Goldacre says all AUA members work really hard*

aua2016 ben goldacre

Ben Goldacre presenting at AUA2016

Goldacre says all AUA member work really hard*

Dr Chris Ince MAUA
Secretary, SOAS, University of London

The Opening Plenary at the AUA’s 2016 Annual Conference in Leeds was given by Ben Goldacre ( on the subject of randomisation and how scientists “misuse evidence to bamboozle the public.”

Now the first thing I must write about, before the content of his amazing talk, is his amazing hair. I have the feeling Goldacre is a Samson-like figure and shorn of his locks he would look and be someone else less impressive. I haven’t had the chance to test this though, certainly not in a controlled way, so this may not (although it may) be true; which brings me on to the topic of the talk…

The first part was on how evidence and statistics are used, often in a (deliberately) misleading way. Some of the examples highlighted drew loud laughs from the audience as we had a whistle-stop tour of the bad use of graphs in newspapers, poor extrapolation of data and the difference between causation and correlation. The last was used to ‘prove’ there was a direct link between the number of films Nicholas Cage has appeared in and the number of people drowning in swimming pools. As the phrase goes: lies, damned lies and statistics.

The second section focused on the importance of randomised controlled trials and on how these could be used outside medicine. He spoke about how these could be used to provide evidence to support the implementation of Government policy and a number of questions following the talk covered how these might be used in the HE sector.

So, thinking of these two points I decided to undertake a piece of data analysis and commission a related trial.

Chris’s ‘expert’ data analysis and trial

I decided that AUA members might be very interested in how their work habits were affected by other activities and whether any specific factors impacted on their effectiveness. After all, we are all passionate advocates of the value-for-money agenda.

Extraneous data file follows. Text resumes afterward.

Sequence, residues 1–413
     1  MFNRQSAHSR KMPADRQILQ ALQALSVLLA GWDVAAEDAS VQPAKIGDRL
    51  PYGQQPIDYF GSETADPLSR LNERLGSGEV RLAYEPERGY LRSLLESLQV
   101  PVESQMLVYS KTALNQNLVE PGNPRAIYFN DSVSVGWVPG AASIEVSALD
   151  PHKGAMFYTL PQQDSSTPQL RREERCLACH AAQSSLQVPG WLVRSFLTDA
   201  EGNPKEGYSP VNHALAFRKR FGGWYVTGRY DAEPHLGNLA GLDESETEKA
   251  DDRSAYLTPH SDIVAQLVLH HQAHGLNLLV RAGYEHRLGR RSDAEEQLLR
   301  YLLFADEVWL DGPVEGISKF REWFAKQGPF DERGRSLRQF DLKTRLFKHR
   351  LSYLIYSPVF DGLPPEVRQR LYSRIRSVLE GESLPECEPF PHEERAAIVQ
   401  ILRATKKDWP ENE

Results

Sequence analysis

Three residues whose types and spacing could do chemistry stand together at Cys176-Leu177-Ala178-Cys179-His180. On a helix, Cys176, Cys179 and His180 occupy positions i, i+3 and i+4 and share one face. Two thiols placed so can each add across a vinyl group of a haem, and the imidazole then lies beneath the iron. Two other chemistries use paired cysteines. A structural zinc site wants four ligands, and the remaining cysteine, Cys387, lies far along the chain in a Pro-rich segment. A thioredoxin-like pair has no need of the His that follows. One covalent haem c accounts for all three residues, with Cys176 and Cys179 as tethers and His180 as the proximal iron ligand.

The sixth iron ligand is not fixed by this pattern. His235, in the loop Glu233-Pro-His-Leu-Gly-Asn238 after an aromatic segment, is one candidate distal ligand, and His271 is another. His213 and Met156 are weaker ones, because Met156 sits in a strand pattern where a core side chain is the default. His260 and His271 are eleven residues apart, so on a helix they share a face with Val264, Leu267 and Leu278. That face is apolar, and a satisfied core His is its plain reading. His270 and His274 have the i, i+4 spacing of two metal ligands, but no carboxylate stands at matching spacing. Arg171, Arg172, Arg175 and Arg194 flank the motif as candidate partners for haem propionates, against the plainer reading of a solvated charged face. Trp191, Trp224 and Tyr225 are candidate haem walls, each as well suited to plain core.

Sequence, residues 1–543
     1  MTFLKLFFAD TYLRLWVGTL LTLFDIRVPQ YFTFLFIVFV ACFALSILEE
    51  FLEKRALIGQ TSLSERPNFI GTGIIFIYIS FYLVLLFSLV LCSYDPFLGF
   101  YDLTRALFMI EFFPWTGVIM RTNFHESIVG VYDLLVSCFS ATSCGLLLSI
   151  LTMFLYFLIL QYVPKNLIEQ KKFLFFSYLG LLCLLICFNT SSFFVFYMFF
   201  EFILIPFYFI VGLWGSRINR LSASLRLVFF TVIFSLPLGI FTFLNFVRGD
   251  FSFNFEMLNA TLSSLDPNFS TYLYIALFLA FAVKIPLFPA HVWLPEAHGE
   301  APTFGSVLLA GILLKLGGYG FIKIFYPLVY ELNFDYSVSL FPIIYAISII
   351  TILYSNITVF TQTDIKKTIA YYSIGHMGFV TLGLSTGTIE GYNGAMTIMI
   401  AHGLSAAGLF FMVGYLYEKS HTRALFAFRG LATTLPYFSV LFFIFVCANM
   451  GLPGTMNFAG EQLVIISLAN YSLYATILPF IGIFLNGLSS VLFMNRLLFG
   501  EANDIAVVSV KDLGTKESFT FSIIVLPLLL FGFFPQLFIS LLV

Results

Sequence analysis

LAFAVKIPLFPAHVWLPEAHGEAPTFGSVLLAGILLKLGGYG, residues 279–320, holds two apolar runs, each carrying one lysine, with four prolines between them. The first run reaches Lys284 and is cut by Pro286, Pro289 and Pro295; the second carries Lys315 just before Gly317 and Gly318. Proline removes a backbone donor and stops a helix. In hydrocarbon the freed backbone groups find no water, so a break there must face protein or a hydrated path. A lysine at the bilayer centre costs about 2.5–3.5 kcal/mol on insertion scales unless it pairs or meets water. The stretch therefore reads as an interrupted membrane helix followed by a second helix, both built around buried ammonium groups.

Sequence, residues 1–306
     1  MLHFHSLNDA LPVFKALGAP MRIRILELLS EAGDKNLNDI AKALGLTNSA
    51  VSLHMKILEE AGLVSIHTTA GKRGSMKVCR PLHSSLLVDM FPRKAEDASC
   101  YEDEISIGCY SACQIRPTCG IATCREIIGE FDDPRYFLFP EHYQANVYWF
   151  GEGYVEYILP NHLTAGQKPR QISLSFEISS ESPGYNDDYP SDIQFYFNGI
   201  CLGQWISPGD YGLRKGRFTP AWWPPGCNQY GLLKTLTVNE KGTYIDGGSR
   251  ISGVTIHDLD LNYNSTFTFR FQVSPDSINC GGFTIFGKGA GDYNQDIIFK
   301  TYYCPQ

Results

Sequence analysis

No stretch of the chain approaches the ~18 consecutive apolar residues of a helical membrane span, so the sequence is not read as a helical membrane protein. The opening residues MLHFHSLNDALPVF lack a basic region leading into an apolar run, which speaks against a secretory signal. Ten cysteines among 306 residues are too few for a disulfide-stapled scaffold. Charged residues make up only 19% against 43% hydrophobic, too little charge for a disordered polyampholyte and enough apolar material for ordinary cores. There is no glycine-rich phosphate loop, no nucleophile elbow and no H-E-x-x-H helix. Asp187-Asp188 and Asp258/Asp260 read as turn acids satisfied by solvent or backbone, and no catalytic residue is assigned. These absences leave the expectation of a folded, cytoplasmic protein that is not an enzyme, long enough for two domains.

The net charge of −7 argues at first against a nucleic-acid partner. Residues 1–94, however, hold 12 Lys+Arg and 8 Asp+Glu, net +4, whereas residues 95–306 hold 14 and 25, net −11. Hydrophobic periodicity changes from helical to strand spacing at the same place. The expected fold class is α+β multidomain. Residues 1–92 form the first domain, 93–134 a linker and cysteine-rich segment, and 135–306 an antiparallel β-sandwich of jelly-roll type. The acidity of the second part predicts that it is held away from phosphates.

During the period between 2007/08 and 2013/14 AUA membership has fluctuated between 3,300 and 3,900 or thereabouts. This is, you will be delighted to know, approximately the same as the number of lawyers in Idaho over this period. I knew this already and didn’t have to look it up… possibly.

Next, there is an excellent website that Goldacre referred to ( where you can compare data sets. Luckily for me it has the number of lawyers in Idaho – who would have guessed? This shows the following graph for a comparison between the number of lawyers (so let’s just say AUA members) and the number of physical copies of video games sold in the UK.

goldacre correlation graph

The graph clearly shows that there is an inverse relationship between the two. In other words, the number of members of AUA is inversely proportional to the number of physical copies of video games sold in the UK. What this means is that as we have more AUA members, more people are working hard and fewer games are being bought and therefore played, i.e. being an AUA member means you are hardworking!

To test this, I am now playing computer games that I bought on my work credit card all day long at work. Anyone else want to join me in this trial?

* some of the points in this article, and indeed the title, may not be factually correct.

chris ince
Dr Chris Ince MAUA
Secretary, SOAS, University of London

Originally published in newslink 84 (16 June 2016)

Sources and ABA:

Leave a Reply

0 comments on “Goldacre says all AUA members work really hard*